Limitations in Integration of Social Science Concepts

The current practice of public health has some limitations in assessment of public health problems and development of effective interventions. The following areas need more strengthening:

  • More involvement of target population(s) in assessment, development, and implementation.
  • Better collaboration among community members, community leaders, and involved organizations.
  • Utilization of qualitative data in addition to quantitative data- health problems are often influenced by attitudes and beliefs so it is important to understand that component by talking with your target population(s).
  • Adequately assessing the scope of problem in the population(s) before developing the intervention.
  • Treatment based health care system vs. preventative based system- understanding the incongruence of these different systems.
  • Plan for sustainability so that when staff and resources are gone the community still benefits from the work.

Theory Beneficial in Developing/Analyzing Programs 

In public health work it is easy to only focus on the health problems.  One theory that I feel should drive the work we do in public health is the Life Course Theory.  The life course is a paradigm shift from looking at the behavior at one point in time which caused the health problem to looking at the trajectory the person had to go through to get to that health problem. The key elements of this theory evaluate: Early Programming (i.e. exposures in utero, or  the health of the mother prior to conception), Critical/Sensitive Periods (e.g., during fetal development, in early childhood, during adolescence, etc.), Cumulative Impact ("weathering"or "allostatic load"), Risk and Protective Factors.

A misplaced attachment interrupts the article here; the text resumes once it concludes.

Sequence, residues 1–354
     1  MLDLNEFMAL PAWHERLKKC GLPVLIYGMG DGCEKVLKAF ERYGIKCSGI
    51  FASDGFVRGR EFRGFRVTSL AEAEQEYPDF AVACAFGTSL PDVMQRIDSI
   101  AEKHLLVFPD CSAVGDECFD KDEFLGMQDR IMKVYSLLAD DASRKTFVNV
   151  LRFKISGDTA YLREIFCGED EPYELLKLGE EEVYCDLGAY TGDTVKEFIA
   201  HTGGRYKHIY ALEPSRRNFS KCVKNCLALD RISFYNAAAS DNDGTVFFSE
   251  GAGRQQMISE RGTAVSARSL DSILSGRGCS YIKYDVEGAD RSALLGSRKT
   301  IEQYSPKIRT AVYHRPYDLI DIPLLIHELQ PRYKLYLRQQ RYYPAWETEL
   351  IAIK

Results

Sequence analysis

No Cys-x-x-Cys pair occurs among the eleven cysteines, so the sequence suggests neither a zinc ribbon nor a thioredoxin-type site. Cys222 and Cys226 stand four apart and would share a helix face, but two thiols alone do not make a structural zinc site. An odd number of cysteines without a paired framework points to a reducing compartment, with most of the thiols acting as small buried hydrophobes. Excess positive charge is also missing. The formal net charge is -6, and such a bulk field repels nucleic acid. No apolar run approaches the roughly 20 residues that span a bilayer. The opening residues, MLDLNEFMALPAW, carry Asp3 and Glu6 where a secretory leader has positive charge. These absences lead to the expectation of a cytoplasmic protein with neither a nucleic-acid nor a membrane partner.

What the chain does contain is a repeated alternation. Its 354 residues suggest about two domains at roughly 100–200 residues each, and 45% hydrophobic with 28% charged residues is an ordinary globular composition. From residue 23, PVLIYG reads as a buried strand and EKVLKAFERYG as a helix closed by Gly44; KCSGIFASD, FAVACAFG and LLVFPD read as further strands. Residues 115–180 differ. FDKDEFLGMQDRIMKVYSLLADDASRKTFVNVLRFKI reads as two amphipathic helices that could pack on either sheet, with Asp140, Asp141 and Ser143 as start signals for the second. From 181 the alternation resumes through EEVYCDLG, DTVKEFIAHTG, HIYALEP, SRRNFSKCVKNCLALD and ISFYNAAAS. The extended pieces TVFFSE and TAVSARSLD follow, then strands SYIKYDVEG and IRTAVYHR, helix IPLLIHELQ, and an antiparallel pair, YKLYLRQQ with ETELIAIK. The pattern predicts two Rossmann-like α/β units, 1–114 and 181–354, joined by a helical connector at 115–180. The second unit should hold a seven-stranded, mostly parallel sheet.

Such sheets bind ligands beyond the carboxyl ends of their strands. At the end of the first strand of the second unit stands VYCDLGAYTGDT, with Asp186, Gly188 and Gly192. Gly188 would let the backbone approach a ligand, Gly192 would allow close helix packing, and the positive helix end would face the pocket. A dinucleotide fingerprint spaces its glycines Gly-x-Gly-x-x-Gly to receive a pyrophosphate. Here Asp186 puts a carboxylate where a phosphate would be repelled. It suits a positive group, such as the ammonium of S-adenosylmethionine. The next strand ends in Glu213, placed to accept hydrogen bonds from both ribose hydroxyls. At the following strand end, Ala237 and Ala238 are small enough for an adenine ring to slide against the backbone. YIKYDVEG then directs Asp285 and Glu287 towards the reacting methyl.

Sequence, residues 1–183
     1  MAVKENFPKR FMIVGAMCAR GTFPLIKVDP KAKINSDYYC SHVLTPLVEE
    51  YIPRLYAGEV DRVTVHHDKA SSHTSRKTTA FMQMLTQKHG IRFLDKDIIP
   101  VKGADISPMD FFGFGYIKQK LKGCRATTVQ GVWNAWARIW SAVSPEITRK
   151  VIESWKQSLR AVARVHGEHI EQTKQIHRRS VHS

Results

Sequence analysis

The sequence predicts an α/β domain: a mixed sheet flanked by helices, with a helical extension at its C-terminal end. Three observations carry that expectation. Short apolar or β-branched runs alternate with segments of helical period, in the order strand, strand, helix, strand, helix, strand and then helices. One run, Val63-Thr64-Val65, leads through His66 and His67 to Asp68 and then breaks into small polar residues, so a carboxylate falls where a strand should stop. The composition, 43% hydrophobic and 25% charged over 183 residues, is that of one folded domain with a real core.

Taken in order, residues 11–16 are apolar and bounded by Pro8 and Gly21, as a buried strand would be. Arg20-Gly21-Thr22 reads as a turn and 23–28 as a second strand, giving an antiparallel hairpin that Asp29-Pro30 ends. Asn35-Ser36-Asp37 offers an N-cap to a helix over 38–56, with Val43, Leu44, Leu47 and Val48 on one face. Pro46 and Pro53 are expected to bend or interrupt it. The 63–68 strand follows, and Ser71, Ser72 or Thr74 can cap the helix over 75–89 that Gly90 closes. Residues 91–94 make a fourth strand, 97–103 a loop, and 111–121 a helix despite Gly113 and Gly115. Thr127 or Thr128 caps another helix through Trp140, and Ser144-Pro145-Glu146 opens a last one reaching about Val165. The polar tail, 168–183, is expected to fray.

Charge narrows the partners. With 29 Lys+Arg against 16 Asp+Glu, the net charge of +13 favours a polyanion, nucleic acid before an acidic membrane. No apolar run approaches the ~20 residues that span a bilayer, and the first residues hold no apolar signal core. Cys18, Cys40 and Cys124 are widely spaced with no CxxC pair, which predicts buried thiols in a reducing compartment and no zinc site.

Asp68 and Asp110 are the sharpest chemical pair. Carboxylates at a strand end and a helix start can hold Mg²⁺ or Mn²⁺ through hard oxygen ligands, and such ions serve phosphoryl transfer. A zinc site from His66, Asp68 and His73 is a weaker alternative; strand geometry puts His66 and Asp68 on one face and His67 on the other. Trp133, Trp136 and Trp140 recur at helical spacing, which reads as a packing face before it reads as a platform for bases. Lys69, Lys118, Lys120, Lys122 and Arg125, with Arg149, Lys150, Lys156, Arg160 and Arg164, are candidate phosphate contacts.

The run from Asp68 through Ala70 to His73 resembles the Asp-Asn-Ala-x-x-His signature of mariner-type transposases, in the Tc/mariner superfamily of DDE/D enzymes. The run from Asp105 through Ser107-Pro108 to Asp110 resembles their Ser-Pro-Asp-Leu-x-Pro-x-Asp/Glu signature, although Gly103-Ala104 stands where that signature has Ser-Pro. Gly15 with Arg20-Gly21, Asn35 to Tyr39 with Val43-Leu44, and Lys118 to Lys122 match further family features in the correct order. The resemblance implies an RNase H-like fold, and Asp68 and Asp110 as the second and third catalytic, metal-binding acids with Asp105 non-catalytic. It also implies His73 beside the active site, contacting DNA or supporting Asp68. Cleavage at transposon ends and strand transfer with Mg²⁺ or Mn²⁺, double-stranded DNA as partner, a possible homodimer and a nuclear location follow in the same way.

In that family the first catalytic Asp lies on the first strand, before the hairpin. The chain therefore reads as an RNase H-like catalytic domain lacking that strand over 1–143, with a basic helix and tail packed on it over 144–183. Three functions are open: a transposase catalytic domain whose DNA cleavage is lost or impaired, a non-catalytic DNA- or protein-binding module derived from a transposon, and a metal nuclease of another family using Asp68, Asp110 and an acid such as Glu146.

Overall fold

Theory Providing Effective Analysis & Resolution of Public Health Problem

One program that I feel is effective at utilizing the Social Ecological Model is "Start Strong: Building Healthy Teen Relationships" ( The Social Ecological Model considers the  interplay between individual, relationship, community, and societal factors. Start Strong works with the individual, fosters peer and parental relationships, works with schools and community organizations, and develops policies surrounding healthy relationships.  It is one of the few programs targeting middle school aged youth in prevention of teen dating violence.  

Skills Attained at BUSPH in Analysis and Resolution of Public Health Problems 

One skill I have developed at BUSPH is analyzing public health problems utilizing theories and evidence-based research.  Public health problems are rarely due to a lack of knowledge.  For example smoking… almost all smokers know that smoking is bad for them, but most continue to do so. Telling someone that smoking is bad for them or using fear-based advertising isn't going to help them to stop smoking. It may move them to a place where they consider stopping (Stages of Behavior Change), but it is a process that is more complex.

In my time at BUSPH, I have examined research, assessed communities, created potential interventions, and evaluated the interventions for strengths and weaknesses.  My approach to handling public health issues has been formulated through this work.  I have found the most important aspects are: involve the community in the process, assess the problem through quantitative and qualitative data, utilize research in planning, and work with others to create effective interventions.